Wednesday, November 10, 2010

Tearing out the Perennial Bed

After a miserably long and hot summer in Atlanta and a delightful trip to see a gazillion gardens in England during September, it became clear to me that it was time to tear out some of the beds at the Big House and revamp them. 

The walled garden that surrounds the greenhouse was redesigned and planted by my predecessor about five years ago, and served its purpose well for a few years.  The problem, as with many gardens, was that it was planted with lots of "bulletproof" plants that would give the homeowner instant satisfaction.  Over the course of a few years, that means that we were overrun with asters, rudbekia, and a few other plants.  Another factor was that "Mrs." really likes fine textured foliage, so by late June each year, the garden has been a mass of green stems with fine leaves.  Hence the "ruthless thinning" that we are now undertaking.
I'm afraid neither of these photos is great, but it will give you the idea.  Since they are also taken at very different times of year, I trust you can use your imagination.  I'll post more photos as we progress with this project. 
This bottom photo shows us making some real progress with the "demo" stage of things.  Gone are the banana shrubs, which have a unique and fragrant flower (as long as you stand on a stepladder on the right day in spring, and the wind is blowing in the right direction).  The treehuggers of the group are probably cursing me at the moment, but there simply wasn't room to keep them.  Our goal is to make this more of a cutting garden for house flowers, while also having it be an attractive display garden around the greenhouse.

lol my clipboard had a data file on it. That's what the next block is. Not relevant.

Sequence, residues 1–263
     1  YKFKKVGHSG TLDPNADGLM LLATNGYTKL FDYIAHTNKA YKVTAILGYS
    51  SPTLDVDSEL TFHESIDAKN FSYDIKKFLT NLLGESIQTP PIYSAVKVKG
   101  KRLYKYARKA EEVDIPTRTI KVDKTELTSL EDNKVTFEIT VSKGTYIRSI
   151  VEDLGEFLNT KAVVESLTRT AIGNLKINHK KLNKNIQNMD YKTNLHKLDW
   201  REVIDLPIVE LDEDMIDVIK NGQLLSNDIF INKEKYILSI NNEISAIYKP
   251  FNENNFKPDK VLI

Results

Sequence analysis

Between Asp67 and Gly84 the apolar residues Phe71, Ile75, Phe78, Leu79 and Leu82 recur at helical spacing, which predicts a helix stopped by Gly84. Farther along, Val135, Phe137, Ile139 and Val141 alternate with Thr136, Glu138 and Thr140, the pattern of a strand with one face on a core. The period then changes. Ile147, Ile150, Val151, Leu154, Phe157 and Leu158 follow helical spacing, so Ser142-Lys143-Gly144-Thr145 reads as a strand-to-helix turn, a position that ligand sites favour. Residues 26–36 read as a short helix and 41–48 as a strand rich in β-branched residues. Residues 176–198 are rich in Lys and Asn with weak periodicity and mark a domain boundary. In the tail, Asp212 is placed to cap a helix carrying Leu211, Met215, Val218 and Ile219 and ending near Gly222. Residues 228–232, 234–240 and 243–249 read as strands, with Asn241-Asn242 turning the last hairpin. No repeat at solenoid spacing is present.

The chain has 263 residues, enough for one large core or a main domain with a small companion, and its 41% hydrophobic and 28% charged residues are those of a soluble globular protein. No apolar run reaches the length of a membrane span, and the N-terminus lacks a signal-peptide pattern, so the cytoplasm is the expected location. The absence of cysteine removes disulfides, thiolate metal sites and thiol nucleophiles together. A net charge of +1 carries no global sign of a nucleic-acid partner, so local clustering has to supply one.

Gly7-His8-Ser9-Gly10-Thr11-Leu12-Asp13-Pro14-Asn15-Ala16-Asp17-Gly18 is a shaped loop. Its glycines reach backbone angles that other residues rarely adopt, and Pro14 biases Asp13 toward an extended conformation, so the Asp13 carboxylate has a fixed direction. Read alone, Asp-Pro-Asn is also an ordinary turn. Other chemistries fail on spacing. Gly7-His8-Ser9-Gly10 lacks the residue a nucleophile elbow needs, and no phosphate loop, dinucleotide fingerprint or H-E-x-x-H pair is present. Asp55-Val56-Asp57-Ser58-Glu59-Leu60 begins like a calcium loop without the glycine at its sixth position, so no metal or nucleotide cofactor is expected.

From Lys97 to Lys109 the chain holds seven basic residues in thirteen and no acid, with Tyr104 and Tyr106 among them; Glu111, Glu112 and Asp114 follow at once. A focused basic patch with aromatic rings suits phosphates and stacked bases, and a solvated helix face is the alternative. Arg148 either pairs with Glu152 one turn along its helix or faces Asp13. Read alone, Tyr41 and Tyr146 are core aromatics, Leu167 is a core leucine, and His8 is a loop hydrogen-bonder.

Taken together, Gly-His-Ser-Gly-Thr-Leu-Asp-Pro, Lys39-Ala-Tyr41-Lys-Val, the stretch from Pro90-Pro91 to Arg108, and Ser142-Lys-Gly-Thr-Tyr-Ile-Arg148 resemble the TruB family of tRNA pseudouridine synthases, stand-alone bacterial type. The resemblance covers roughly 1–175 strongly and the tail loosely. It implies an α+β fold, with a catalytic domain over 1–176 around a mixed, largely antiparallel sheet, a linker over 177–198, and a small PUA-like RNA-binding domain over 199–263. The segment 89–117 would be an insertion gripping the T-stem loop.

The longer I garden professionally, the more comfortable I become at editing plants that don't produce.  As much as I love old fashioned garden phlox, I'll not spend the rest of my summers fighting powdery mildew when there are lots of better cultivars out there.  When six purple irises turn into 50, I'm comfortable donating them to a plant sale and don't feel obligated to keep nurturing them, moving them, grooming them, etc.  I'm clear that not every plant needs an exquisite bloom.....Canna "Pretoria" adds incredibly to the garden bed and the floral arrangement with or without blooms. On the other hand, I'm happy to plant something to hide the late season peony foliage, because (in my opinion) there are very few flowers that are that beautiful.

We're up to the replanting phase in a couple of the sections, and I'll get photos on Friday.  It has been a great project to have three experienced gardeners (including myself) honestly go through the different plant options and justify why a particular plant should be used in the beds.  Hopefully it will be as incredible in reality next summer as it is in my mind right now.


  1. Wow, your greenhouse is GORGEOUS.

  2. I've been doing that all summer. I finally have most of mine in place aside from the recent purchases. I'll be planting them on Friday.

    I'm not trying for a cutting garden, but something that can handle drought or rain without falling to pieces.

    I'm interested in seeing what you chose.

  3. There was a time when I simply couldn't get rid of a plant, sometimes keeping it just because it was there. That time is gone. I no longer have a problem digging up and giving away plants or even sometimes throwing them on the compost pile, especially if it's a "problem" plant. I'm looking forward to seeing the results of the renovation. I'm to the point in the season where I begin to garden vicariously through gardeners in milder climates.

  4. I want that greenhouse Tim. Looking forward to seeing the borders progress. Take care.

  5. Editing is an art form in the garden. Having the guts to move through it isn't always easy! Bravo to you for taking shovel in hand.